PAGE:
I tried the Booster 60 over the course of a day on the flat and at a local play spot. Initially I was quite surprised by its overall size. The room offered inside is excellent and with the new 2002 outfitting getting comfortable was not an issue. It comes fitted with a multitude of ratchet adjustable fittings including backrest, thigh-straps and footrest. And thankfully Riot have ditched those awful “strap” adjustable devices seats and opted for a “bolted” in option with comfy foam pad.
This review is from the perspective of an intermediate paddler and represents the best outline of performance that I can offer based on 2 weeks paddling grade 4 rivers in Austria and 2 weeks play boating and surfing. It also should be remembered that I personally, love this boat.
This boat spins! It’s really loose but forgiving enough to make spinning easy even in bouncy holes. On a wave, it’s fast and carves well, though it doesn’t feel as positive as the Riot boats. However, it’s much easier to correct and quicker to respond to changes in edge. It’s real attribute though for those that know what they’re doing, has to be the bounce. I have no ability in terms of aerial moves, but know a few people who have been in my boat that know what they’re doing. Smiles all round seem to be the response. Apparently it’s got loads of spring for loops etc.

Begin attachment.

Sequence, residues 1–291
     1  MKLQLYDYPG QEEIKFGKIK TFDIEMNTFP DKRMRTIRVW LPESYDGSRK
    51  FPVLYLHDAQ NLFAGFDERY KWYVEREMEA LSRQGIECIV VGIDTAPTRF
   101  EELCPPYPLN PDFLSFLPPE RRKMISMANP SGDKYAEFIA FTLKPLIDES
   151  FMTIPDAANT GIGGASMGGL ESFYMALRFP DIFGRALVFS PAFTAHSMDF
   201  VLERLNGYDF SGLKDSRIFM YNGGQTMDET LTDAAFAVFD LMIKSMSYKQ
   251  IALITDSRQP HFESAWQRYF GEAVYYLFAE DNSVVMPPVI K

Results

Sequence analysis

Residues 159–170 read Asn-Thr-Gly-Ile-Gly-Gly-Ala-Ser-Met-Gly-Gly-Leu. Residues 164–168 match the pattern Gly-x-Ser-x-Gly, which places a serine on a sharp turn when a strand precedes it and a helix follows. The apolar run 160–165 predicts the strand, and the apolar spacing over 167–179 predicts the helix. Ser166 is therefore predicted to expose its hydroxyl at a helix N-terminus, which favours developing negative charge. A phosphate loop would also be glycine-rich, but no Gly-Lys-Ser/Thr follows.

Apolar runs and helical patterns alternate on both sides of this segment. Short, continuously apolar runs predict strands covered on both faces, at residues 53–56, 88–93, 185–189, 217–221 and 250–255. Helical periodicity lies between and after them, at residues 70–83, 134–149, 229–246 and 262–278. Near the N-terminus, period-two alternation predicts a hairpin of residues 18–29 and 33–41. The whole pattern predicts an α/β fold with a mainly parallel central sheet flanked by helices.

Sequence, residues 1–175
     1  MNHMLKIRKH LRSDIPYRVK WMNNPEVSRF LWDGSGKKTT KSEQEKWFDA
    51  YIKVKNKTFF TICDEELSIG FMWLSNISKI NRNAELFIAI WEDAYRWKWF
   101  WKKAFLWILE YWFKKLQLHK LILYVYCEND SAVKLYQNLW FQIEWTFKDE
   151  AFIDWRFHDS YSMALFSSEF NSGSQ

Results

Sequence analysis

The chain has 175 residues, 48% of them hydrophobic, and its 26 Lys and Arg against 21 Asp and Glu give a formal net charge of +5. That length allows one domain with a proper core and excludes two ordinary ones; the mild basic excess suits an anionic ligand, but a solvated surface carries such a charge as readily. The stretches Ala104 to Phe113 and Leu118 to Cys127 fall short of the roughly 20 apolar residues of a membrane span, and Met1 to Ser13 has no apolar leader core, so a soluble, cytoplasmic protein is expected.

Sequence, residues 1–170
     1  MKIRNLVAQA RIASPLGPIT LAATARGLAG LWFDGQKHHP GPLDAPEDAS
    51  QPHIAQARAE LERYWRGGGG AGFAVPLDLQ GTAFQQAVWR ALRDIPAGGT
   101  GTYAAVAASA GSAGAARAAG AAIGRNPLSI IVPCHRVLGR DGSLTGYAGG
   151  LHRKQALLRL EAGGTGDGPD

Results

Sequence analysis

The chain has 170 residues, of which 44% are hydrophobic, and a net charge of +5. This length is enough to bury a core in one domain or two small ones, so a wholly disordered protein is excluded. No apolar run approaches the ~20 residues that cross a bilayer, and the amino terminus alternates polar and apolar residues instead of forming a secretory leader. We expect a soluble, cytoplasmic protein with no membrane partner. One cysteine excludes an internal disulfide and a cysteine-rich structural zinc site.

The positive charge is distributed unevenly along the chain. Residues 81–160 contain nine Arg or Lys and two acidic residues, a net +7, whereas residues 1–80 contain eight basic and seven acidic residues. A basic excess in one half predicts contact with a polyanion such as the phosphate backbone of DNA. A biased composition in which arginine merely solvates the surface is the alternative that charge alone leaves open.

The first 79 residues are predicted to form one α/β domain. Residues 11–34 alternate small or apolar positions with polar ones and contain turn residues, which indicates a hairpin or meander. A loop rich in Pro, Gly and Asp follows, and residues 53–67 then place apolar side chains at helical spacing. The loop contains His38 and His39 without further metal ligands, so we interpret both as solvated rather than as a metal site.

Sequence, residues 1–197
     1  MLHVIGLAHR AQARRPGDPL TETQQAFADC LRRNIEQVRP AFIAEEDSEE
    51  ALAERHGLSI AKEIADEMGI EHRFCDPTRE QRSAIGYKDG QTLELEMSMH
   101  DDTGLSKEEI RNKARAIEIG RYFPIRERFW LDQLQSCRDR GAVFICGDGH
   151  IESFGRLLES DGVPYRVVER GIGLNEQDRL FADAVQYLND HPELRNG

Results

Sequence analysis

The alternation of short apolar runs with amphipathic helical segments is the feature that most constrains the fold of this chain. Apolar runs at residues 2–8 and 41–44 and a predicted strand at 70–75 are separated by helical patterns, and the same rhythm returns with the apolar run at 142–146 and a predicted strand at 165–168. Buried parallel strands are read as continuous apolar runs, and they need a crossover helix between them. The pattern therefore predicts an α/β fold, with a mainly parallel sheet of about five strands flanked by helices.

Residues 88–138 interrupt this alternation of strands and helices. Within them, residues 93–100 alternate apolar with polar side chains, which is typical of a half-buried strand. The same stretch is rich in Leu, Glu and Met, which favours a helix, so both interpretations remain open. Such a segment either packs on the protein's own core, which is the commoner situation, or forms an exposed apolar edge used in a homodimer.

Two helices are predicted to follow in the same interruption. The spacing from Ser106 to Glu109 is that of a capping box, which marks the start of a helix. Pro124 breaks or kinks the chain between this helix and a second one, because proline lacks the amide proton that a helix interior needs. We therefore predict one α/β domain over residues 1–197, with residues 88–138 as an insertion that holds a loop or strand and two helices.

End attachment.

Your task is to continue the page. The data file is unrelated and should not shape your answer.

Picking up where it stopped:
Having previous paddled the Booster 55 and a brief spell in the Air 55, I was looking for a boat with the best attributes of both: speed, looseness and great carving but with good tracking ability and positive handling. Over the last 6 weeks, I haven’t been disappointed in the Turbo 52.
Sam Ellis styles it down Cauldrons Snout. A class V+ stretch of whitewater on the River Tees (UK).
Sam Ellis running the Cauldron Snout on the River Tees. You can count on one hand how many times this section has been successfully run. But this is the first time it has been ran with a substantial amount of water. The river was at approximately 0.7 on the nearest river level gauge.
Cauldron Snout is 180m long and is recognised as Englands longest waterfall which looses 61m giving it a gradient of 34 percent. Sit back watch and enjoy!